Luxury phone maker Vertu is embracing Google’s Android operating system – for the low price of $10,000.
The company this week unveiled the Vertu Ti, a phone that will abandon the Symbian OS upon which Vertu has relied thus far in favor of Android. But even for $10,000, you won’t get the most recent version of Android. The Vertu Ti will run Android 4.0 Ice Cream Sandwich rather than Jelly Bean.
“Vertu Ti is our most significant product for a decade. Android 4.0 delivers a proven and intuitive environment for users while the design and craftsmanship of the handset remain uniquely Vertu,” Perry Oosting, Vertu president, and CEO said in a statement. “Vertu has pioneered and led the luxury mobile phone sector since we began in the late 90s and the great depth of our knowledge and experience can be seen in Vertu Ti.”
Vertu posted a video (below) of the new device on its Facebook page. It touted the “flawless optical quality of the sapphire crystal screen,” as well as “the lightness of the titanium casing,” which provides “strength without compromise.”
The Vertu Ti includes musical punctuation from the London Symphony Orchestra, while the audio was developed in collaboration with Bang & Olufsen.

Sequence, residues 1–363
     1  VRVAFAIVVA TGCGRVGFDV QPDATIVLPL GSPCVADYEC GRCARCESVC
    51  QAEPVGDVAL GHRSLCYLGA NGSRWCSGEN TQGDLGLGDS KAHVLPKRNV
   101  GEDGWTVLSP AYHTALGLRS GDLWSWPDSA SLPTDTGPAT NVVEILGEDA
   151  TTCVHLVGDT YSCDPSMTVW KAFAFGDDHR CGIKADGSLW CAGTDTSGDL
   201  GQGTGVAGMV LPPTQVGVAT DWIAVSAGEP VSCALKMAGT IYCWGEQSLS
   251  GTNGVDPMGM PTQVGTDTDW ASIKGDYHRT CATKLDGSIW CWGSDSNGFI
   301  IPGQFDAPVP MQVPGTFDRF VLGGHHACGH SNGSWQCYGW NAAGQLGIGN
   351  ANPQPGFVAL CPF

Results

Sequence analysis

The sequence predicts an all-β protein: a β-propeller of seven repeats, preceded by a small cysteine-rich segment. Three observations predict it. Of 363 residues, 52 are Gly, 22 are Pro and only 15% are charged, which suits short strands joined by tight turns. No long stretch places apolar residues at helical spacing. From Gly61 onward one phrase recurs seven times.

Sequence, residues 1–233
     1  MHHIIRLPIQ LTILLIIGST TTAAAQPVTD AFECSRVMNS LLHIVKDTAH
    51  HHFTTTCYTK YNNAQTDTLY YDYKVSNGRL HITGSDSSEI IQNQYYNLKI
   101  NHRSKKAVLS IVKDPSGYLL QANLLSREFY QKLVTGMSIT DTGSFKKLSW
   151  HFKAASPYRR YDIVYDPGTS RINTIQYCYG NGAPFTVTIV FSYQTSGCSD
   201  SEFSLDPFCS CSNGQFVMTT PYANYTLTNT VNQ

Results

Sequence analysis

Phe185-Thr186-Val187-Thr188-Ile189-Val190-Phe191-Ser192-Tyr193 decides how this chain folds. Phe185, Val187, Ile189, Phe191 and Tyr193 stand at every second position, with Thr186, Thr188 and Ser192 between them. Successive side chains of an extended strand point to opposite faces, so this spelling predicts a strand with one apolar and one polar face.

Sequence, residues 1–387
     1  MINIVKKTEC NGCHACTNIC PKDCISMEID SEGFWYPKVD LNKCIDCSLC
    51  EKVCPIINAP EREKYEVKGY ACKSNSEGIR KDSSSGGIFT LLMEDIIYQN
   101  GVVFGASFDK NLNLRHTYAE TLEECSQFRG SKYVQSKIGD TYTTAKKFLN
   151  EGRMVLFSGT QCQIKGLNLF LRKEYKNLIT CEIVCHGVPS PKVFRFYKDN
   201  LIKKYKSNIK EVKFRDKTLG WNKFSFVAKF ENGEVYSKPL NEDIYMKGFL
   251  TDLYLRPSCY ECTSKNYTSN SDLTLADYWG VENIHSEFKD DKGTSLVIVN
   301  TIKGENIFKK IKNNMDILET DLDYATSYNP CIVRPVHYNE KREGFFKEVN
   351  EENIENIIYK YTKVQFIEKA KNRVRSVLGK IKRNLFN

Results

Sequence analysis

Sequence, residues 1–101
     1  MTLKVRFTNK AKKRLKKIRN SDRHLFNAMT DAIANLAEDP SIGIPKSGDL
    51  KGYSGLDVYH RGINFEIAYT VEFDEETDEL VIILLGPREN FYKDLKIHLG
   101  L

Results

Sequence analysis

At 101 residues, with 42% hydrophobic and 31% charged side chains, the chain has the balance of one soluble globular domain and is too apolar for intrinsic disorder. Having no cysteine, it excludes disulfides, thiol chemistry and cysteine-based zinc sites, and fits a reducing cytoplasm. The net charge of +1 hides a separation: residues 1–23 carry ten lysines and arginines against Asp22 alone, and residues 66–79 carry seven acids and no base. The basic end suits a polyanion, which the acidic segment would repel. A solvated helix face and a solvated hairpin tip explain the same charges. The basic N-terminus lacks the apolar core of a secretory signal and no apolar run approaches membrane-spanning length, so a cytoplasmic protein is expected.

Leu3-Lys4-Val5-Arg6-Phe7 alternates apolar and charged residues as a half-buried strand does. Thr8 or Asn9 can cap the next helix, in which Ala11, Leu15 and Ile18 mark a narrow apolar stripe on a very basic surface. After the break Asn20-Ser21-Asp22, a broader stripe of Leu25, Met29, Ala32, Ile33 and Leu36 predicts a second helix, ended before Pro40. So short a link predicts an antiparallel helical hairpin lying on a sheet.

A new Vertu key, meanwhile, provides access to “our unique curated services.” A screenshot showed screens for Life, Concierge, and Certainty before flashing to a welcome screen that showed the phone’s owner options for the Kee Club in Hong Kong and Apollo Premiere at the Bolshoi in Moscow. Presumably, the Vertu Ti will operate as your own personal butler – with some suggestions that are a bit more high-brow than the neighborhood dive bar.
The Vertu Ti includes a 3.7-inch WVGA display, an 8-megapixel rear-facing camera, and 1.3-megapixel front-facing one. There is 64GB of internal memory, and Vertu promised up to 7.2 hours of talk time.
The phone ships with a leather slipcase, chargers for the car and wall, data cables, a portable power pack, wired stereo headset, Micro and Nano SIM adapters, an “authenticity card,” and more.
With the Vertu Ti – which was handmade in England, the company said – “nothing will ever feel the same,” Vertu concluded.
Vertu was previously owned by Nokia, but the Finnish phone maker sold Vertu to EQT VI, a European private equity firm, in June 2012. Nokia has also been shifting away from Symbian, which has seen its global market share dwindle in recent months.